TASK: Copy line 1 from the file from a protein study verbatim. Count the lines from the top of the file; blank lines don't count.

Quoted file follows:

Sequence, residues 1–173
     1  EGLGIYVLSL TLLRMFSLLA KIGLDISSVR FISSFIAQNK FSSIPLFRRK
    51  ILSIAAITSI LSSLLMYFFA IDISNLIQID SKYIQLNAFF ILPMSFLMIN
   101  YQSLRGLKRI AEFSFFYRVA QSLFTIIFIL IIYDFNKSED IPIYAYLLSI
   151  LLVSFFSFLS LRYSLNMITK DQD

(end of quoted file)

Sequence, residues 1–173